Building projects from scratch might be relatively rare in some markets, but not in the Middle East, observers say. Growth is so robust in the region, in fact, that CallisonRTKL’s office in Dubai, United Arab Emirates, has grown from about six people to roughly 70 over these past three years alone, according to Harold Thompson, a vice president at that international architecture firm and the director of its Dubai-based operations. “Focusing on retail and retail mixed-use, in particular, has been very productive for us in the region,” he said.
Developers and architects are flocking also to Abu Dhabi as well as Egypt, Qatar and Saudi Arabia to capitalize on the demand for new projects, Thompson says. “Qatar, for example, is a small country — about 2 million people — but it has the highest-per-capita GDP in the world, at about $100,000 per person,” he said. “The spending power is tremendous.” And both Saudi Arabia and Egypt boast burgeoning populations that are particularly underserved by retail. “Egypt has 80 million people, and something like 75 percent of the population is under the age of 25,” Thompson said. “It’s an incredibly big and young market. A lot of our development clients here are traveling to Egypt and Saudi Arabia.”
And despite the presence of such massive properties as the 5.9 million-square-foot Dubai Mall and the 2.4 million-square-foot Mall of the Emirates, Dubai keeps ramping up its retail offerings. Indeed, developer Mizoon Holdings is billing one of its latest Dubai projects as an alternative to the city’s megamalls; set to open in the first quarter of 2017, the 140,000-square-foot Esplanade is located across from Mall of the Emirates. Its open-air design will make it a popular gathering place at night, when the temperatures in Dubai are cooler, says Gar Muse, a principal of architecture firm Cooper Carry’s retail specialty practice group. “There are 10 individual retail buildings at the Esplanade,” he said. “They actually aren’t connected connected to each other, which has allowed us to create spaces in between them.”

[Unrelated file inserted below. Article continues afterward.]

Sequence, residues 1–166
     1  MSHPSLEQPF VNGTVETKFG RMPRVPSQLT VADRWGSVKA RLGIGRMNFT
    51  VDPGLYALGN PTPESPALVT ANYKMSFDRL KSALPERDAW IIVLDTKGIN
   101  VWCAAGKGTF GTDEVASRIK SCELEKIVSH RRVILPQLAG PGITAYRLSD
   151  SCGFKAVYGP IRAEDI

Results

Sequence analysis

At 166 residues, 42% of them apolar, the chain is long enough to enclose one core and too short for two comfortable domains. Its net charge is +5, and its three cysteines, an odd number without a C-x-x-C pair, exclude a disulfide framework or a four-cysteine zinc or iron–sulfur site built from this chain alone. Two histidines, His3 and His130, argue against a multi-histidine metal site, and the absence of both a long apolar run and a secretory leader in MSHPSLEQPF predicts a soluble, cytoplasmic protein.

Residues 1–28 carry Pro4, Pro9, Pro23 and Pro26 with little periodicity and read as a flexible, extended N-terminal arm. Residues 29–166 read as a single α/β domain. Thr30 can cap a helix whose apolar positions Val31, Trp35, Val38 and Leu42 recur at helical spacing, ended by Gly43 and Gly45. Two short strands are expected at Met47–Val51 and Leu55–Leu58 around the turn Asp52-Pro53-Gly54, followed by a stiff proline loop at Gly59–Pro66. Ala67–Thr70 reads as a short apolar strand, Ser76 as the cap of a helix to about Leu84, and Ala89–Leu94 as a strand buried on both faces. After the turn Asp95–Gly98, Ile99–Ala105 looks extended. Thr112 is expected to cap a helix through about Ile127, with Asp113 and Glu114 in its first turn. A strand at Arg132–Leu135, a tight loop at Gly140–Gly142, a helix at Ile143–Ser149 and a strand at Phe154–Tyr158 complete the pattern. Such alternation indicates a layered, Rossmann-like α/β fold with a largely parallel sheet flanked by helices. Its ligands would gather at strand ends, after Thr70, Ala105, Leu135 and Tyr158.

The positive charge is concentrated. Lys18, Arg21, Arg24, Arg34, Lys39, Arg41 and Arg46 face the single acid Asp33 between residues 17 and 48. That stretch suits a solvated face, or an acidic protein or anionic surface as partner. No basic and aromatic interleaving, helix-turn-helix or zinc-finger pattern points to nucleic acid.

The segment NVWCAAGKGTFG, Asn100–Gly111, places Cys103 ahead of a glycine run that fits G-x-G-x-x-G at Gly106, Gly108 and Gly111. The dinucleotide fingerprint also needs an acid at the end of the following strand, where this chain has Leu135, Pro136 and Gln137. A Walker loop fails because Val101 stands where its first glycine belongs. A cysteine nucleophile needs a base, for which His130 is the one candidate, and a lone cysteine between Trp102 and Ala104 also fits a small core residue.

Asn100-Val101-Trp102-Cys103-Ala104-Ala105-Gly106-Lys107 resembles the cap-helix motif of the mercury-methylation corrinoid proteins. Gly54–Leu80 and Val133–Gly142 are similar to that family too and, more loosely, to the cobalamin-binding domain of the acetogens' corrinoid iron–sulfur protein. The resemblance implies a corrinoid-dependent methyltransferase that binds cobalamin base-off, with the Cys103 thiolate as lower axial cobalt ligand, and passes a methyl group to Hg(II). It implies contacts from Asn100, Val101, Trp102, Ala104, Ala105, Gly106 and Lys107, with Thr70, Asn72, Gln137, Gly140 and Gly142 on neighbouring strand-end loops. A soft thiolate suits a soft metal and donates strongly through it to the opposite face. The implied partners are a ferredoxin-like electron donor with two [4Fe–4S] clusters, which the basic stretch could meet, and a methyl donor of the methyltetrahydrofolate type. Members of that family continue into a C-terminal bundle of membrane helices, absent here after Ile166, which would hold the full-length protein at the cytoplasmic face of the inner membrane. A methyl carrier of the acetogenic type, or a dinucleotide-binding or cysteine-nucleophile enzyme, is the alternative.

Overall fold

About 70 percent of the tenants at the Esplanade will be restaurants or food vendors, and a plaza will front the development’s collection of clean, white buildings, some of which will offer open-air dining and traditional smoking areas. “I don’t think we will see many properties in Dubai with this level of detailing and material use,” Muse said. “The Esplanade is intended to be very unique.”
Of course, larger projects are on the drawing board too for this Arabian Desert metropolis. Emaar Properties’ massive Dubai Creek Harbour, for one, will be a city unto itself when it is finally completed, says Thompson. “CallisonRTKL has been working on the master plan for about three years now,” he said. “It will have a really large retail component.” Plans for the nearly 1,500-acre site include 39,000 homes, 22 hotels and the world’s tallest twin skyscrapers. Said Thompson: “It is probably one of the biggest developments in the world.”